A summary of their findings is below.
...we found that employed husbands in traditional [wife not employed] and neo-traditional [wife employed part time] marriages, compared to those in modern marriages [wife employed full time], tend to (a) view the presence of women in the workplace unfavorably, (b) perceive that organizations with higher numbers of female employees are operating less smoothly, (c) find organizations with female leaders as relatively unattractive, and (d) deny, more frequently, qualified female employees opportunities for promotion
Study 1 used survey results to measure explicitly sexist attitudes with regards to gender roles (i.e. men should be the breadwinners, women should raise children and keep house).
Study 2 again used survey results, this time to look at perceived organisational smoothness relative to the number of female employees.
Study 3 asked job seekers to evaluate one of two recruitment letters. The letters were identical, except that one had the names of male recruiters, and the statement "INDSCO’s equal employment opportunity programs ensure that all employees can get ahead in our company", while the second had the names of female recruiters, and the statement "INDSCO’s equal employment opportunity programs ensure that all employees can get ahead in our company. For example, representation of women on our board of directors far exceeds the average representation of women in Fortune 500 companies."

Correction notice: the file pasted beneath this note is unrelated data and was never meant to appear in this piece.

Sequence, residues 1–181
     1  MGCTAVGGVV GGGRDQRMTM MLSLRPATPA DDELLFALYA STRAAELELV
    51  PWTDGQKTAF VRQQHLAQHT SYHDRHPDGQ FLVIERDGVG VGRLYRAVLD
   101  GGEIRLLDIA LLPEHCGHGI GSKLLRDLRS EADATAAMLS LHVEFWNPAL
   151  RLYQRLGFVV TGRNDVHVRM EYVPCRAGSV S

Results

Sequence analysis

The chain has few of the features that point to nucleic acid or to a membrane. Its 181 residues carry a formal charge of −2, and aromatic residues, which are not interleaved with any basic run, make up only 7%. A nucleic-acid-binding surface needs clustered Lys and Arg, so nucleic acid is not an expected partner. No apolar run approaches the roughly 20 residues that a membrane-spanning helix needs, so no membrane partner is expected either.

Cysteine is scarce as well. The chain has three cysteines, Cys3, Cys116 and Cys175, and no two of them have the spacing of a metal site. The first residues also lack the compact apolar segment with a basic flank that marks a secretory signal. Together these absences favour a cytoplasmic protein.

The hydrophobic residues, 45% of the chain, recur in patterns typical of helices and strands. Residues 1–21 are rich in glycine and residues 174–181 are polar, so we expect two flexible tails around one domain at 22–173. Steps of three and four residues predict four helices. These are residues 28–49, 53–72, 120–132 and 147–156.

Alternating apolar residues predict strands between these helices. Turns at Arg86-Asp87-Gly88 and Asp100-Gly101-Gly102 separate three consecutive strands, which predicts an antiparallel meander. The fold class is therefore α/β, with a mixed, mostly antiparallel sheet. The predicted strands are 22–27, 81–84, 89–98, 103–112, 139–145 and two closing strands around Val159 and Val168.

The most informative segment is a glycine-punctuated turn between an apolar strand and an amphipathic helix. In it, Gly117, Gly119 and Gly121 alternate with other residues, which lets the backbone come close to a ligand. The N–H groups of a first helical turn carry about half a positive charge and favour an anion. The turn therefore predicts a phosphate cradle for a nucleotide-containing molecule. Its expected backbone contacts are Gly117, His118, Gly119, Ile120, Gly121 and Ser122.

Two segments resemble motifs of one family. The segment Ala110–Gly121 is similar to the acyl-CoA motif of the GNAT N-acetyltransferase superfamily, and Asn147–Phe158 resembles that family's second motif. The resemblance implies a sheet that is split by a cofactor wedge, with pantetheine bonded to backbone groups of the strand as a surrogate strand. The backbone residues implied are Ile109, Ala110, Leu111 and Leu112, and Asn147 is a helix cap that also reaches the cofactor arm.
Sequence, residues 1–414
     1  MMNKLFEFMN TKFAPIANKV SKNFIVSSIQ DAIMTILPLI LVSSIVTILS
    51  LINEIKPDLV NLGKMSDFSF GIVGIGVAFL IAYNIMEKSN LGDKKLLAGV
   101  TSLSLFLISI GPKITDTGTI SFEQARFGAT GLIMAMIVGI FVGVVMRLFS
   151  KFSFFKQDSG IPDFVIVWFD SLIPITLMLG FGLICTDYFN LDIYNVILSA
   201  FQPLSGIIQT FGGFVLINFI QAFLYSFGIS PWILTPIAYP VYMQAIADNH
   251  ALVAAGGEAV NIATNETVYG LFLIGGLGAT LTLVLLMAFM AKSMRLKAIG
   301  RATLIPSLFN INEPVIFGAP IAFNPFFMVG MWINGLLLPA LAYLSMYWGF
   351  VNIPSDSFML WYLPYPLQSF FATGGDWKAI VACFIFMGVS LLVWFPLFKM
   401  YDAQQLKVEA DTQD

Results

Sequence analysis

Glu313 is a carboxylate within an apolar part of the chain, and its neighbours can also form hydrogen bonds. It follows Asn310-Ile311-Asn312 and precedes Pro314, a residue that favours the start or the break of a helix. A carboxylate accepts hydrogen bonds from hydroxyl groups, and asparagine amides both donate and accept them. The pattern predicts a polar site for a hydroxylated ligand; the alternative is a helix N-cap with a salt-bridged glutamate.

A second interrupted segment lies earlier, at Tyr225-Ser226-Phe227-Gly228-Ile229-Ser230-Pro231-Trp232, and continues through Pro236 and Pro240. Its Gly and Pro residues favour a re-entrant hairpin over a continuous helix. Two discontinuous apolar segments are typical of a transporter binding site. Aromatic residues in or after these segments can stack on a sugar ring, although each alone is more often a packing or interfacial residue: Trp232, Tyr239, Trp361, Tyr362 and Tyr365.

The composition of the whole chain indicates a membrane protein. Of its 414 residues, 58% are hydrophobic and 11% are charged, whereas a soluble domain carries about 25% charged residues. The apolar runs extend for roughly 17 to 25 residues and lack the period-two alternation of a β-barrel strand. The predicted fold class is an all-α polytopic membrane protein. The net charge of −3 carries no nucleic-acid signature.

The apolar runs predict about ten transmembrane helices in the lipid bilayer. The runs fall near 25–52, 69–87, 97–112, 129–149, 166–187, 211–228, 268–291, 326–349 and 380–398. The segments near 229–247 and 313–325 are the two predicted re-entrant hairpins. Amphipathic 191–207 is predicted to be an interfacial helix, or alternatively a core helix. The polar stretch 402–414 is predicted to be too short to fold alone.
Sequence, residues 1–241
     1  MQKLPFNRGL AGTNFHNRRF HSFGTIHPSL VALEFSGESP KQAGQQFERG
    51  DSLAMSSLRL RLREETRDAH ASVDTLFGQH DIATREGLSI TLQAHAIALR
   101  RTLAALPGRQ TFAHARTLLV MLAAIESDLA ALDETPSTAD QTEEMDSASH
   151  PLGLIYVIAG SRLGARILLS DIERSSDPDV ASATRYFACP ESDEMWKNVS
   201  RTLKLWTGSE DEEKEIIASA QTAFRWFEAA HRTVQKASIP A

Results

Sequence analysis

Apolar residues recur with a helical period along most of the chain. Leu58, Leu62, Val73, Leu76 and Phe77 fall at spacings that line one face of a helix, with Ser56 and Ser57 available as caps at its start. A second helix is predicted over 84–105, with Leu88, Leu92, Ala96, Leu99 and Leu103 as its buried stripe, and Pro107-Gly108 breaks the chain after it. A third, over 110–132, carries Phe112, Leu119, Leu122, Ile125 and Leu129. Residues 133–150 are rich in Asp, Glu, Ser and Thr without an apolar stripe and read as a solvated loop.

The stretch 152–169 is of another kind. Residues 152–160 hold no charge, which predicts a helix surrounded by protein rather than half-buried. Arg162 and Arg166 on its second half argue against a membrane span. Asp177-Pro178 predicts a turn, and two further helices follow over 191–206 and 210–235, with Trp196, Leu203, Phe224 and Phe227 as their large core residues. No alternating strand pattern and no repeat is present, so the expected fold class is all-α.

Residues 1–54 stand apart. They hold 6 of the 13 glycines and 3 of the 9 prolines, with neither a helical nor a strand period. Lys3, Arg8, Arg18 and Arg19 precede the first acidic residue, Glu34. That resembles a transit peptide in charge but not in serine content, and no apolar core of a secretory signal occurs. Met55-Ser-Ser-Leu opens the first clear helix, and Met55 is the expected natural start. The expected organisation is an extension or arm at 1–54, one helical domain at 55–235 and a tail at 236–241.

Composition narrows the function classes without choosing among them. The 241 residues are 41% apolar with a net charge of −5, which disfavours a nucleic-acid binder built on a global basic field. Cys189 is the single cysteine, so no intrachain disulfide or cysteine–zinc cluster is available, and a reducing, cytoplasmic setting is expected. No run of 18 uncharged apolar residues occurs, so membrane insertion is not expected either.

Study 4 asked managers to evaluate one of two identical candidates to be sponsored through an MBA program with a promotion to Vice President upon completion of the studies. One candidate had an unambiguously male name, the other a female name.
Across all four studies, marriage structure was statistically significantly indicative of attitudes towards women in the workplace, with men in traditional marriages being more negative than men in modern egalitarian marriages.
Of course correlation is not causation, and the marriage structure itself may be indicative of attitudes held prior to the marriage, for example religious beliefs or an otherwise conservative upbringing. Nor does this mean that men with stay-at-home wives are automatically sexist, either explicitly or implicitly. It does however show (surprise surprise) that personal attitudes do affect professional decisions, specifically decisions made by men that determine career opportunities for women. By gaining a better understanding of the influences on these decisions, organisations can better work towards negating these influences and developing a more egalitarian workplace. Being confronted with this information can also help men who do not wish to be sexist, either implicitly or explicitly, to more accurately consider their own behaviours and attitudes, and how these might be influenced by the work decisions of their wife (or partner).